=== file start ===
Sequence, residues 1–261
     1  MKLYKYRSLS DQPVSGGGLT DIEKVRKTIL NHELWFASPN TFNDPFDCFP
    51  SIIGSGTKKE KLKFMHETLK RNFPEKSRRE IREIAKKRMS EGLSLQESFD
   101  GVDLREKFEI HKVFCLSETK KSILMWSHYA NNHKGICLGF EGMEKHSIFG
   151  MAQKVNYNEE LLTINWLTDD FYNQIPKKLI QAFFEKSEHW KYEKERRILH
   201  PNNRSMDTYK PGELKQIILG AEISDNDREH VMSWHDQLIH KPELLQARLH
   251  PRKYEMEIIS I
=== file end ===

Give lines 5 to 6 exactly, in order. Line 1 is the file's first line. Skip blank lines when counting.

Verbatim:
   151  MAQKVNYNEE LLTINWLTDD FYNQIPKKLI QAFFEKSEHW KYEKERRILH
   201  PNNRSMDTYK PGELKQIILG AEISDNDREH VMSWHDQLIH KPELLQARLH